I really do think things will settle down a bit if we can get the remaining parts of our process online in the next couple of weeks so they can enjoy the December holidays, but I wish we weren't where we are, even though I also think we've done about as much as we could have done given the obstacles we had to overcome from our vendors and from our internal central IT issues (great people, but the policies and procedures are not designed to allow them to be agile and adaptible when unexpected external pressures change the timelines on projects).

It seems like just about every game for the Ravens this year has been a must-win game, but if they don't win against the Jets on Sunday, it may finally be the death knell on a season that, if the AFC as a whole weren't so terrible this year, would have ended two or three weeks ago. It's a home game against a team coached by their former defensive coordinator Rex Ryan, who the Ravens have never lost to, and winning would put them into a tie with the Jets for the final wild card spot (and likely several others—it seems like nearly half the conference shares the Ravens current 4-6 record).

The magic just doesn't seem to be there this year like it was last year, but the football gods have given them a situation where they can still survive if they somehow find that magic and go on a run for the rest of the season. As a Baltimore, my heart is desperately wanting this to happen; as an observer of the NFL, I know this is pretty unlikely, and I think even my fan's heart will have to give up on this year if they can't find a way to win on Sunday.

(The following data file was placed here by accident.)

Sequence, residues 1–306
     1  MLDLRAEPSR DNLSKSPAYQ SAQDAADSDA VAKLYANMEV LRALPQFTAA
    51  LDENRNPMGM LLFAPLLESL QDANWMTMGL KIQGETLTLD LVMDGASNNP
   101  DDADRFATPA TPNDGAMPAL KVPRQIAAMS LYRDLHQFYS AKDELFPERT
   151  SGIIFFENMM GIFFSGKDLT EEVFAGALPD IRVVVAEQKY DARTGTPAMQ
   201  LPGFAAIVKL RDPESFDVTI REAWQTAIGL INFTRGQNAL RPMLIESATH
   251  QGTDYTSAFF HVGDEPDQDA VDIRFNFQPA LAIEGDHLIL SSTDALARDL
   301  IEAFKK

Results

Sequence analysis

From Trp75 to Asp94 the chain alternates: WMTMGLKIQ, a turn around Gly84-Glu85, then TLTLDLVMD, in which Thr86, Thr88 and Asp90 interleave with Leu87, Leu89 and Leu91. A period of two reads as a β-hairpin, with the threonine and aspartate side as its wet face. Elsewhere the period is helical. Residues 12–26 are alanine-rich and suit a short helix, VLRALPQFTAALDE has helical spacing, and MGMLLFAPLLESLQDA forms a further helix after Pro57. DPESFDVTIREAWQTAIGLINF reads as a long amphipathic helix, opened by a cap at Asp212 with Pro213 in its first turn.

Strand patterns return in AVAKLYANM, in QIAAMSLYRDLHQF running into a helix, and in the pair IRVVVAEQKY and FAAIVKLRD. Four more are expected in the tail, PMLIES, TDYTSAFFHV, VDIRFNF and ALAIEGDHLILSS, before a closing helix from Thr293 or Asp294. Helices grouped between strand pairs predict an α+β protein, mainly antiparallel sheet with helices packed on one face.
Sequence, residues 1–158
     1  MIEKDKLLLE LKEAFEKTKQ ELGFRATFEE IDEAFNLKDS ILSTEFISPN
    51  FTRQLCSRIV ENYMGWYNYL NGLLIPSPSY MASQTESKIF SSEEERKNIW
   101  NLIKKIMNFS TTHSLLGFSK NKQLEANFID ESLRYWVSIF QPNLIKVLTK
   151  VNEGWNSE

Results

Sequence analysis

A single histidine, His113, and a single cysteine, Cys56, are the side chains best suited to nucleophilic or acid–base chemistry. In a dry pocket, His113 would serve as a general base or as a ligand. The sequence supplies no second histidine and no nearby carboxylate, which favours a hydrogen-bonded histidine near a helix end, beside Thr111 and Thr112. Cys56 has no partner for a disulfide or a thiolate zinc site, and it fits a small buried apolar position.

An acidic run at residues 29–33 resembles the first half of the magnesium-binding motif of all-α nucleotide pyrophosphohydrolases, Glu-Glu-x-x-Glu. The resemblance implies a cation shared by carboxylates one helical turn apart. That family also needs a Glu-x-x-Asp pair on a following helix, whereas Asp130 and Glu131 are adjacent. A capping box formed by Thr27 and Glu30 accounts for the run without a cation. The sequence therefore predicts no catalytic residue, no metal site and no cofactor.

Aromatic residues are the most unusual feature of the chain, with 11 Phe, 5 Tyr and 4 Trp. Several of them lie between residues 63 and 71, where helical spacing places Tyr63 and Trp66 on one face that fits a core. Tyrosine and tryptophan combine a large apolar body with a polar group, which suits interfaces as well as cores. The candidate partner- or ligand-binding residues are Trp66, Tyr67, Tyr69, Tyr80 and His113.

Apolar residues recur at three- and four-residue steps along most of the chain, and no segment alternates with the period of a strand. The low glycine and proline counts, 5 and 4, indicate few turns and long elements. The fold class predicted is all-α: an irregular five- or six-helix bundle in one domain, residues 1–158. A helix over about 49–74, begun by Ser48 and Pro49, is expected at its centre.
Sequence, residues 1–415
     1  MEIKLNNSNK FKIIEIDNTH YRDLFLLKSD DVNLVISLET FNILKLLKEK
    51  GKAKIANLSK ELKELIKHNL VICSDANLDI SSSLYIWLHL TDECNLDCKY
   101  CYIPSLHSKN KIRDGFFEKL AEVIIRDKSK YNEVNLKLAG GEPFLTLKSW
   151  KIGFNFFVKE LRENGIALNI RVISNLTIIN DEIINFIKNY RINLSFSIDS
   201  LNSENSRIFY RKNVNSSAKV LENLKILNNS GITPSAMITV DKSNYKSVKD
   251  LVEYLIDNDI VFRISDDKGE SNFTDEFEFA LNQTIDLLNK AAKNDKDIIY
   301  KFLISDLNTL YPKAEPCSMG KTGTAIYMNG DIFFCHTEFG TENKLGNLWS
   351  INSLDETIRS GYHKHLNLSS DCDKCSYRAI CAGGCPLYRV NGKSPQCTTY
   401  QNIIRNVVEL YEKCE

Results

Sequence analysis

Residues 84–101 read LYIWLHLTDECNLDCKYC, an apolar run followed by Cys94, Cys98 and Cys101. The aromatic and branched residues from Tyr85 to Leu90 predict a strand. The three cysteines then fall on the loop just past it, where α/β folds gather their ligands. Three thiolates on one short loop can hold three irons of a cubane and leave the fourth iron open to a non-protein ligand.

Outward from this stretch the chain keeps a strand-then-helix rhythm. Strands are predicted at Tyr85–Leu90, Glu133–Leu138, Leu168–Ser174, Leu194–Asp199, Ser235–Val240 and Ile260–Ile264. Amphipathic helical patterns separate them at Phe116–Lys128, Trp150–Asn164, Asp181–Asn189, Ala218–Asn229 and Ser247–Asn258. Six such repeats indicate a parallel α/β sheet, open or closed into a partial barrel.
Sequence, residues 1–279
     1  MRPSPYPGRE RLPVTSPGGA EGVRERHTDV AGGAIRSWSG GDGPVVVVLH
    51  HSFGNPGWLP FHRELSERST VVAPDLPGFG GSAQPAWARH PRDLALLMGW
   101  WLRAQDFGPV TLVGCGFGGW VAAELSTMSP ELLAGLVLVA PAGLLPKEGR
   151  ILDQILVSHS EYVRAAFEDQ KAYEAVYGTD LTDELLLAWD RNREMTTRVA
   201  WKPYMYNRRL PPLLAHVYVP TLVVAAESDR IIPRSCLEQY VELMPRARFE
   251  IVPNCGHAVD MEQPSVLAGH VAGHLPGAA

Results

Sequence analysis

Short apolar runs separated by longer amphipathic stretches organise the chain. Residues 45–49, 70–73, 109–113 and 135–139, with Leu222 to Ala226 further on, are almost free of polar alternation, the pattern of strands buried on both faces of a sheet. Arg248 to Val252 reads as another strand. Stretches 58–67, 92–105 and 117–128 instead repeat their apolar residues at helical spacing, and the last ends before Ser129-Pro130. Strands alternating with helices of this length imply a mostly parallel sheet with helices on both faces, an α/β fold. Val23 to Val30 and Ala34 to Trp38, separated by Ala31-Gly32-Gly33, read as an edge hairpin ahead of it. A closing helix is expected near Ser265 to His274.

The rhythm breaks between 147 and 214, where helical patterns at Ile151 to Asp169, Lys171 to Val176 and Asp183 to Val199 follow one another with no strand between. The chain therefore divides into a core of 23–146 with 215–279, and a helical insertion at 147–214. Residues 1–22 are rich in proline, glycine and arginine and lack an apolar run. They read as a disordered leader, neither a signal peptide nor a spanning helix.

The Ravens are still scratching and barely alive after a decisive victory over the Jets (although with so many red zone opportunities that ended in field goals, I have to be disappointed that the 19-3 score differential wasn't much, much larger). The Ravens still have a losing record (5-6), but they are amazingly still in the hunt for the playoffs.

Still, the postseason is a longshot, and the upcoming game against the Steelers on Thanksgiving night will either make those odds slightly better or knock them out of contention once and for all. There are a ton of teams knotted up at 5-6 (or thereabouts) in the AFC right now, all of whom are currently in the running for the final wild card slot, but this next week of games should serve to thin the herd a little bit. It's unlikely that the Ravens will be in sole possession of this wildcard slot even if they win against the Steelers, but they could put themselves closer to the top of the heap if things go badly for the other teams they're currently tied with.

My dad and stepmother are coming to spend Thanksgiving with us, but they're the only family that's coming into town, so things should still be pretty low-key and relaxing. I was considering ordering the turkey from a gourmet grocery store, but after my stepmother told Julie how much she was looking to my brined turkey, Julie convinced me to get a small bird and cook it myself. So I'll probably spend a lot of the afternoon on Wednesday and most of the day on Thursday prepping and cooking, but that shouldn't be too stressful—the casseroles can be done the day before, and the turkey is no big deal once you actually get it into the oven.

We don't have any plans, really, and it's hard for me to imagine us going anywhere on Black Friday, so I imagine it will be a few quiet days of them hanging out with Will and me catching up on some reading. If I'm lucky, work emails will also take a break and I'll actually get to enjoy some downtime.